The Ultimate Guide to PMDD - Allbodies

The Ultimate Guide to PMDD

The Ultimate Guide to PMDD

Think of it as the 64 oz. Big Gulp version of the 12 oz. can of PMS.


You may be used to having sore boobs, an achy vulva, and a slightly less forgiving mood when your period is on its way. But for some people, an encroaching period can be totally debilitating and result in severe depression, heightened anxiety, and serious mood swings.  Welcome to PMDD. PMDD is a premenstrual disorder that causes cyclical, severe physical and mental discomfort, including severe depression. The severity of the symptoms are what differentiate it from PMS.  And the fact that it is cyclical is what differentiates it from other disorders.

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According to a 2009 study published in the Journal of Women’s Health, roughly 5% of people with a uterus have PMDD during their childbearing years. It wasn’t until 2013 that PMDD was added to the Diagnostic and Statistical Manual of Mental Disorders (basically, the “end-all-be-all” volume that psychiatrists and psychologists use to diagnose patients), but before then, PMDD was a contested phenomenon with some health experts questioning its existence altogether. In an article from the October 2002 Monitor on Psychology titled, “Is PMDD Real?” Joan Chrisler, PhD opines that PMDD and PMS are “culture bound syndromes.” Basically meaning, first-world probs. So this, coupled with the fact that our health system too often overlooks pain of female-presenting bodies (for example, they are more likely to experience delays in emergency care) is likely why you’re a stranger to PMDD.


Unfortunately, there is no known cause for PMDD though it is thought that PMDD may be an abnormal reaction to the hormonal changes that happen during each menstrual cycle. PMDD also includes severe depression, so another possible cause for PMDD may be a lowering of serotonin levels. 


Common symptoms of PMDD include:


  • Severe depression in the two weeks leading up to a period
  • Suicidal thoughts or actions
  • Fatigue
  • Bloating
  • Increased agitation and irritation
  • Changes in sleeping patterns
  • Increase or decrease in appetite


If these symptoms are interfering with your everyday life, see your healthcare provider. PMS is like a toothache. PMDD is a root canal without numbing… every month. It’s severe, regular, and disruptive – it needs to be diagnosed and treated for relief to take place. 


To start, know you aren’t crazy, and you don’t need to suffer! PMDD can be downright draining, and when we’re struggling physically this often takes an even deeper emotional toll. It’s important to be honest and open with your healthcare provider about the severity of your symptoms – they can’t get you the help you need if they don’t know how awful you’re really feeling. We recommend getting some different treatment perspectives from different modalities when it comes to PMDD so that you can have some options.

Lifestyle changes, and in some cases, medication, can be very helpful.  If the medication route is the right choice for you, the FDA has approved the birth control pill Yaz to treat PMDD. In some cases, antidepressants may be recommended to support serotonin levels- one factor that is thought to contribute to PMDD.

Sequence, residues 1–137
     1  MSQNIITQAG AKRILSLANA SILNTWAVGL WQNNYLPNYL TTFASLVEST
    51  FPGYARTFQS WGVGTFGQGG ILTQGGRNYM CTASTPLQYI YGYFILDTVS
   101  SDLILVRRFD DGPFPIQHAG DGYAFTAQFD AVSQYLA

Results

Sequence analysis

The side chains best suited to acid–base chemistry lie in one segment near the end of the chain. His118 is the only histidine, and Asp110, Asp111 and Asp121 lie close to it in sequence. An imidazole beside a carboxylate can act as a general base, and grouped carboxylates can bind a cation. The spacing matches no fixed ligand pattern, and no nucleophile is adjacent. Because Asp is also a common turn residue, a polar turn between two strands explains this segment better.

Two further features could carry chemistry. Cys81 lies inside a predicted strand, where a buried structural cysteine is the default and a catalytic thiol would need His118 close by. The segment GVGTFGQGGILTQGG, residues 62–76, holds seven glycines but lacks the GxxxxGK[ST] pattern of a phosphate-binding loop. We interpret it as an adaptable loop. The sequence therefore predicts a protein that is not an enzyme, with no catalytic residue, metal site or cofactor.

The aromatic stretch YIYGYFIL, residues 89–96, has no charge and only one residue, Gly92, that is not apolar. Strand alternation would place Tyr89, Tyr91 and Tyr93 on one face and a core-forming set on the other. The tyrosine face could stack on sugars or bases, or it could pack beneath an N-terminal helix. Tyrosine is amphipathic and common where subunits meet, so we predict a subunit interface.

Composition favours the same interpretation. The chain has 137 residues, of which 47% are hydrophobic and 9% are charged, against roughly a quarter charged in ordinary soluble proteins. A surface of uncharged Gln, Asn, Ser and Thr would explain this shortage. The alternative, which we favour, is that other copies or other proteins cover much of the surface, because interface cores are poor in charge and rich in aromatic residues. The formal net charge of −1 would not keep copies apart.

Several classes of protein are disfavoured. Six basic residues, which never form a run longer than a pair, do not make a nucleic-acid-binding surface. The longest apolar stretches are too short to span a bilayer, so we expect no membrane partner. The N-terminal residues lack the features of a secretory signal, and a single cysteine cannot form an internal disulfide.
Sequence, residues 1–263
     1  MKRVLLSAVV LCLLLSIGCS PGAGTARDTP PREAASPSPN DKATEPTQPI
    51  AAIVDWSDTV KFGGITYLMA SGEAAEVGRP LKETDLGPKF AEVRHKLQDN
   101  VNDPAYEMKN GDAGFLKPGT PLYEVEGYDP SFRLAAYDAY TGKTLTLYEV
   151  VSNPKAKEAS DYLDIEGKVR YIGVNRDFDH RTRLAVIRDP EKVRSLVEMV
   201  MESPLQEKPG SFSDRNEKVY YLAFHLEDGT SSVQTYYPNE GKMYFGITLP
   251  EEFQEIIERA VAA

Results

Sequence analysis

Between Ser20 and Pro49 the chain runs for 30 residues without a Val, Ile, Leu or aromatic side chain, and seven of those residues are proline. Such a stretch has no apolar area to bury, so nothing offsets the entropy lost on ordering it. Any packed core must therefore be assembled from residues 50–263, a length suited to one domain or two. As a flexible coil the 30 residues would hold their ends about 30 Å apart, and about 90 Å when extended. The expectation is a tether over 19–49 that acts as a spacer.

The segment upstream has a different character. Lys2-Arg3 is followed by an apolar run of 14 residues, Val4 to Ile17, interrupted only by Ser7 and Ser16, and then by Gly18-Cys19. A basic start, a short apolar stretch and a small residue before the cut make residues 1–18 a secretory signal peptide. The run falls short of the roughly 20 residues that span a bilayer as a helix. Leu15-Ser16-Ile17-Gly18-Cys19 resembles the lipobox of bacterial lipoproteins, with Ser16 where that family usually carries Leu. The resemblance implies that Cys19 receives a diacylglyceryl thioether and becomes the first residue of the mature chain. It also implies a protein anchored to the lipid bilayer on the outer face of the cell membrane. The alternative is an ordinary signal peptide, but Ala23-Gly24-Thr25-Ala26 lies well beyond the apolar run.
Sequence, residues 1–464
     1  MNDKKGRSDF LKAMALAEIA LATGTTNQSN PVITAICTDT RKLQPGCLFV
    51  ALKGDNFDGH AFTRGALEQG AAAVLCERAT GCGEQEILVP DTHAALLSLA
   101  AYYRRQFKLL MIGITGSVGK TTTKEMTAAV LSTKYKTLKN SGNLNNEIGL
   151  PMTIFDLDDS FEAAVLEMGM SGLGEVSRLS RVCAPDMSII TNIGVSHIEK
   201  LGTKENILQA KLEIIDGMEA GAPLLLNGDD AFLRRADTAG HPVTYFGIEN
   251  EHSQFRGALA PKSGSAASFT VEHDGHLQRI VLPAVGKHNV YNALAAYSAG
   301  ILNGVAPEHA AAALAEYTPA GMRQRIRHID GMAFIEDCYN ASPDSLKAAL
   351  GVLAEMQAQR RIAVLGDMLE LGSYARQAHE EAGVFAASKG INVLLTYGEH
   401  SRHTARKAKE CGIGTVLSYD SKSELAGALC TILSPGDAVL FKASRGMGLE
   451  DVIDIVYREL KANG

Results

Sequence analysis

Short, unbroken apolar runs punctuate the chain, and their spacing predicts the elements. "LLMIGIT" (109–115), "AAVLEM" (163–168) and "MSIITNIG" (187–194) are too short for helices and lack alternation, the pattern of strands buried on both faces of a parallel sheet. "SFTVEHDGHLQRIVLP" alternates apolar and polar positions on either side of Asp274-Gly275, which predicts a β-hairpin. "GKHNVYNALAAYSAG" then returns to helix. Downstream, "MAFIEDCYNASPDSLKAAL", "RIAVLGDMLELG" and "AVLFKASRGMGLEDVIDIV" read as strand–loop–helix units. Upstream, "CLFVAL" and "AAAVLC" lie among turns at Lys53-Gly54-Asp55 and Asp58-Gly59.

But there are lots of non-medication routes you can take as well. Check out this article on how to fight PMDD like a warrior.


Remember, one of the differentiating factors of PMDD is that it is cyclical. It’s also PRE-menstrual, so once menstruation begins, the symptoms should start to dissipate with regular bleeding.    



PMDD is a more severe and disabling form of premenstrual syndrome. Whether we are speaking of PMS or PMDD, they are both due to hormonal imbalance, often of estrogen dominance or progesterone deficiency. Unfortunately, if these hormonal imbalances are not treated effectively, they can go on and become issues for fertility later in life. Since some may be prescribed birth control when young, the effects of not having a natural menses every month can effect fertility in the long term. (A pill bleed is not a ‘real’ bleed– it’s a fabricated menstrual cycle from the removal of progestins in the birth control pill) PMDD is also treated with medications that can suppress gonadotropic hormones (LH & FSH), so long term use can be detrimental for fertility later in life.

-Dr. Autuma Shah


Good news for anyone wanting to hop on the baby train: getting your eggo preggo relieves PMDD! No period while pregnant = No PMDD.  


While there’s rarely just one factor that plays into our desire to get down, because most people with PMDD experience depression and lethargy, they may not be down for sex leading up to their period. That’s not a hard and fast rule though, and other people may want the relief that sexual intimacy can bring, both mentally and physically. A gentle reminder to do what you need to do for you, whether that’s sex with a partner, or sex, party of one! Being honest with where you are at, and communication with sexual partner/s when needed is key here! Get more tips on sex with PMDD here!

This article was created for informational purposes only and is not intended to be a substitute for professional medical advice, diagnosis, or treatment.

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